He has backed an idea that would allow county commissioners in counties that have regents schools to increase the local sales tax by one-tenth of one cent for deferred maintenance.
He said university towns reap the benefits of having the schools, so they should contribute to their upkeep. The proposal has gained some support on both sides of the aisle as part of a broader strategy to address the problem.
But the Kansas Board of Regents opposed the idea, and it has generated a lot of political pushback in places like Lawrence and Manhattan, home of Kansas State University.
"A lot of legislators from nonregents communities are interested in that, and obviously those that represent regents communities are less than thrilled about that possibility," Senate President Steve Morris, R-Hugoton, said.
The debate comes down to who benefits from KU: Lawrence or the entire state?
KU officials say the school benefits the entire state, and they can provide data that show how intertwined the school is with the everyday lives of Kansans.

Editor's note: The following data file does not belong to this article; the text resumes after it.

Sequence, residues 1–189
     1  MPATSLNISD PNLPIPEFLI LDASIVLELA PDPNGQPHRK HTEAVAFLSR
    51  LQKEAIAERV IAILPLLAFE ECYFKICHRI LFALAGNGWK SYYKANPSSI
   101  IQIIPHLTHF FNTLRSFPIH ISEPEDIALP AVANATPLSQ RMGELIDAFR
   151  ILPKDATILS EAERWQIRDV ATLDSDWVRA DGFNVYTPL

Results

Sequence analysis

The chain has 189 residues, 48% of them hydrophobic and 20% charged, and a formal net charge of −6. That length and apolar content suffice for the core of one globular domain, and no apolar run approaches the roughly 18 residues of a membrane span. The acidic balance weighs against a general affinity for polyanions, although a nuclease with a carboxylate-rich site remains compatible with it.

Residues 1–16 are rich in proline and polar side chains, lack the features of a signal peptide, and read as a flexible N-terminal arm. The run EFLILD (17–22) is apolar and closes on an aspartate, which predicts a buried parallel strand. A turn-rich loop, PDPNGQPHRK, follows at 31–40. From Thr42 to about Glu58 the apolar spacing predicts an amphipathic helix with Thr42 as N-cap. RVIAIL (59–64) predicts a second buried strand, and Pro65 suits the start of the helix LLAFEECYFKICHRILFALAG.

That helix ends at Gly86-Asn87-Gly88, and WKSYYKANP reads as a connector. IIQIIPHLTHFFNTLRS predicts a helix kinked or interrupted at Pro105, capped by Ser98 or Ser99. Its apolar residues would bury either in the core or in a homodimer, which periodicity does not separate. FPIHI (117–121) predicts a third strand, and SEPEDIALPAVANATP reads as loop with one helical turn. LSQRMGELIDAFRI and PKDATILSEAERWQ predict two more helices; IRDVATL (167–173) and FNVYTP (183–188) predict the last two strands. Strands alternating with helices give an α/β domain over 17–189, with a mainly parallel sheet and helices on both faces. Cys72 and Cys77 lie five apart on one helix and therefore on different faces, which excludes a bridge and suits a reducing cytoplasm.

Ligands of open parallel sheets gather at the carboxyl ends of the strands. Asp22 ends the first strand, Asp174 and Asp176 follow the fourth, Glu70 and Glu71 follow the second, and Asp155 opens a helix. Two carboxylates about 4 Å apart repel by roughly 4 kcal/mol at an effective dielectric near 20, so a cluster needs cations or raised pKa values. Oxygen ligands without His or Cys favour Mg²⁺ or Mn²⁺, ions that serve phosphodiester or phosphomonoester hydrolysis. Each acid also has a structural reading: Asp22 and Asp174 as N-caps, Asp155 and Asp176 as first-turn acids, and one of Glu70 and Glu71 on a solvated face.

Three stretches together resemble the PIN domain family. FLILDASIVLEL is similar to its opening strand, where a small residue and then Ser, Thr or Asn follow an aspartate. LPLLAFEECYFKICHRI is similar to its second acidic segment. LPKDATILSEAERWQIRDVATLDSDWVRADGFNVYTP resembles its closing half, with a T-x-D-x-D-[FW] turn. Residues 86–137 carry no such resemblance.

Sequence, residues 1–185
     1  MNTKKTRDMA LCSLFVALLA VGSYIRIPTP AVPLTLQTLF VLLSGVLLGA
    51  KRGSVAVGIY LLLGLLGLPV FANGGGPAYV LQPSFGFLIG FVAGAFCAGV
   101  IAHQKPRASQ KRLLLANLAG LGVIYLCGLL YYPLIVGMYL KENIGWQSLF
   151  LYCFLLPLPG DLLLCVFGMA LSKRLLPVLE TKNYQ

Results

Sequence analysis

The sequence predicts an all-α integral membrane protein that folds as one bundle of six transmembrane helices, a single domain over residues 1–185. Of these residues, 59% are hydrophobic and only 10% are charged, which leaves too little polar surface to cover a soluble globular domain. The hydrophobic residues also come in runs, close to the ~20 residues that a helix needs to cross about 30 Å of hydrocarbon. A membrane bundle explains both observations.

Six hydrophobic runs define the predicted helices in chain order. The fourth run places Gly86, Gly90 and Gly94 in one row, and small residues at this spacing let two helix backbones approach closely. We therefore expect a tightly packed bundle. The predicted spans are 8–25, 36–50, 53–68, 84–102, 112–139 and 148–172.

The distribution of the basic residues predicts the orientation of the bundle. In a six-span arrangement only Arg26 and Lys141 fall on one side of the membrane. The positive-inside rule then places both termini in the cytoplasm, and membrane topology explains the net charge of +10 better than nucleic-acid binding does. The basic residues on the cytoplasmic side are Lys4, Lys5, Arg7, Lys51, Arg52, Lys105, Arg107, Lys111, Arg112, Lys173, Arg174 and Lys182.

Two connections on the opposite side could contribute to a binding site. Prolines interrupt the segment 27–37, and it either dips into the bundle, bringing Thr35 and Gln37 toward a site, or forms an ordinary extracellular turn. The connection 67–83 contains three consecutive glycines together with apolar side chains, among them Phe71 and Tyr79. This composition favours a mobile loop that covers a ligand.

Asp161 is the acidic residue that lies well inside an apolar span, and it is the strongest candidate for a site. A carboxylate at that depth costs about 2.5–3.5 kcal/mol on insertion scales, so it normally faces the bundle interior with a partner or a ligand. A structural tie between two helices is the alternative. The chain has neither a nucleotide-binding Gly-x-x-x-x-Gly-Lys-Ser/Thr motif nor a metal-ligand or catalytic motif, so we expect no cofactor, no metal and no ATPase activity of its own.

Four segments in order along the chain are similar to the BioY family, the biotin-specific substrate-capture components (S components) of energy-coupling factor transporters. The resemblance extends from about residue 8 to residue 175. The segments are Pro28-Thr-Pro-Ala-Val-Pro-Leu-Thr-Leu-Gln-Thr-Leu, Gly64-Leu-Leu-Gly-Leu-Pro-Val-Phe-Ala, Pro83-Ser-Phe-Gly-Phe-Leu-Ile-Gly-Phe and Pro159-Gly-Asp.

There is probably not a day where Kansans don't come into contact with KU through the 141,000 alumni in the state, which include teachers, doctors, lawyers, business people and many more.
For example, KU-trained doctors practice in 85 of Kansas' 105 counties and represent 52 percent of all doctors in the state. The Kansas Law Enforcement Training Center in Hutchinson oversees professional training for all law enforcement officers in the state.
Last week, the regents tried to appeal to lawmakers' political instincts by releasing a report that showed how many state university students came from their districts and counties.
Reginald Robinson, president and chief executive officer of the regents, said he hoped the study would show lawmakers that even if they didn't have a regents school in their districts, they did have constituent students.
On April 25, the debate will resume as lawmakers return for the wrap-up session. Morris and other key lawmakers have said allocating revenue for universities' repairs will be one of the top priorities.
"It's certainly front and center when we get back to the wrap-up session," Morris said.